A couple of weeks ago, I got a frightened phone call from my sister.
She was walking home from worship service at her church, during which someone had fallen ill and collapsed. She had watched, with growing concern, as several people had tried to revive this woman, and then – failing to do so – called in the paramedics.
The pastors had interrupted the service to move everyone to another room in the building, where they concluded the now-solemn gathering with a song and prayer. People sang quietly, tears streaming down their faces, and then left in silence, all wondering – did we just watch someone die?
My sister called me, shaken up and asking the same. She said it made her realize all of the trauma we’re still carrying around from the last two years of COVID, of watching people die all around us and being helpless to save them. That we haven’t resolved that, haven’t necessarily processed it, and still have to deal with its repercussions and consequences.
It’s good to get back to something like normal, to gather again, to hug, to share meals and laughter and celebrate the big and little things.
But I’ve also noticed that sometimes this urge to “get back” doesn’t leave space for the reality that we are different people now. We have been through something terrible, and we can’t just flick a switch and turn it all off.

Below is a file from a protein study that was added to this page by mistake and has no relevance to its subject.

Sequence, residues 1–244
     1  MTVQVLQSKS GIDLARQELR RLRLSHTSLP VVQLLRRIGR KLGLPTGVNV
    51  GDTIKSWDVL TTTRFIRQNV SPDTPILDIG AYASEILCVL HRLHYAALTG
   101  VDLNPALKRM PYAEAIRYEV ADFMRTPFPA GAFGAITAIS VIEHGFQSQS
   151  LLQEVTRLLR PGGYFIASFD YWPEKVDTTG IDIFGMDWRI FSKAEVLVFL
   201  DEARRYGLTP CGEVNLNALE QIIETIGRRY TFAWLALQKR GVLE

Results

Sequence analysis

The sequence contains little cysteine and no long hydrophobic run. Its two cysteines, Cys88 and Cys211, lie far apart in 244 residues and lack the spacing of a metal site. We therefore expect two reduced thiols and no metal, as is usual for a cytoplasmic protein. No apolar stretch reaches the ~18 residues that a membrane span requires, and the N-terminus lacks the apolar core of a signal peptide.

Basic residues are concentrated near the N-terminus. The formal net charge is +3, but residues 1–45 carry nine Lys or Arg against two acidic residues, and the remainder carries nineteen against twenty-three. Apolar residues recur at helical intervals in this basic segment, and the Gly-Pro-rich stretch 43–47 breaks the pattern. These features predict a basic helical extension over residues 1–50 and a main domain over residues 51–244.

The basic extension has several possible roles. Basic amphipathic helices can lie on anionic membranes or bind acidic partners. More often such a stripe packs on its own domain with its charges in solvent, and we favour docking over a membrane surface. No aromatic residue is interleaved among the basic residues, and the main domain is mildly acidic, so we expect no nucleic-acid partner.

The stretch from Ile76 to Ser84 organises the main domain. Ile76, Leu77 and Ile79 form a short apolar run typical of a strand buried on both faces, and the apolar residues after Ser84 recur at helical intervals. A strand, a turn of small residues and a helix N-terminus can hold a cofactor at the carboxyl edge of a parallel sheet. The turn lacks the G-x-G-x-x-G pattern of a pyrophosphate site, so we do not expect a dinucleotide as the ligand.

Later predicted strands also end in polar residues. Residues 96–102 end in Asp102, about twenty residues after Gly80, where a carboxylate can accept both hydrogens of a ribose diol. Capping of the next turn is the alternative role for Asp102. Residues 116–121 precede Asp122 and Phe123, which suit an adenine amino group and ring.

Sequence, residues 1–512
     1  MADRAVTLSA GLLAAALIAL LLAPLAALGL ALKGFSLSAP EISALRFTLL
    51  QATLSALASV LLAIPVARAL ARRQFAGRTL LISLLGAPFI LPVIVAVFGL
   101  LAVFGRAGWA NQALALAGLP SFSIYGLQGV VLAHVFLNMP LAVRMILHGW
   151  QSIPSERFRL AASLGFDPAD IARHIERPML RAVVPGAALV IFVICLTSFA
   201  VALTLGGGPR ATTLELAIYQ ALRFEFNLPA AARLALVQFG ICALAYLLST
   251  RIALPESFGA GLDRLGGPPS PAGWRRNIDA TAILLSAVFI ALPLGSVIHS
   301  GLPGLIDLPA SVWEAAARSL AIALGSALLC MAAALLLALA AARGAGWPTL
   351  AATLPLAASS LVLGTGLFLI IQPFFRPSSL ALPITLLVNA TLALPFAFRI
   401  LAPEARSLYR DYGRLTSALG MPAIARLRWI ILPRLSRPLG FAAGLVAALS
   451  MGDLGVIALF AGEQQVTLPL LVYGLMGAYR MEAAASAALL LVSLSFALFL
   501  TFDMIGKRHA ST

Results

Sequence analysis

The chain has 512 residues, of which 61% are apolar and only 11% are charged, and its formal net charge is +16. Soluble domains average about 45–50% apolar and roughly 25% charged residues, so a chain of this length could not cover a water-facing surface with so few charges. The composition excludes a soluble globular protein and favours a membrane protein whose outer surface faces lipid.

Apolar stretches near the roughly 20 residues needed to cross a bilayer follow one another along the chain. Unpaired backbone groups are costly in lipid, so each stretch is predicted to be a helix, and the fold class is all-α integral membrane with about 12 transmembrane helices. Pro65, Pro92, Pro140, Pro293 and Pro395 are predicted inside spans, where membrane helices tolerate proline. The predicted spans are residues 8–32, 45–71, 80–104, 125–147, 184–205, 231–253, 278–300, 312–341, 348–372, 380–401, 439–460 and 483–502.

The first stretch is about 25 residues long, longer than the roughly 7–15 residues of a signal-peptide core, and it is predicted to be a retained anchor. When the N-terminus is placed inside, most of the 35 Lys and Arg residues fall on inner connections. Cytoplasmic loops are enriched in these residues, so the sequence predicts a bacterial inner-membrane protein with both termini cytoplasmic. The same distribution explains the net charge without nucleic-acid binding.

At the very least, we realize how precious and wonderful it is to celebrate birthdays and weddings and graduations and even to gather for funerals in physical space together.
But perhaps more honestly, we are profoundly exhausted, and grieved, and we have lost some things we may never get back.
That woman from church, I am happy to say, is just fine. But that night at church reminded my sister and I of something important: of what we are still carrying.
And so, as we get back in some ways, to some things – here is what I hope we remember: that we are different people now. But that doesn’t have to be all bad. We can be more grateful, more deeply rooted in the blessing of what is right in front of us. We can be kinder to ourselves and to others, recognizing that we all carry untold burdens. We can be more open to the grace and mercy of every day. We can be more curious about what God is doing, even when things seem bleak.
I hope we will.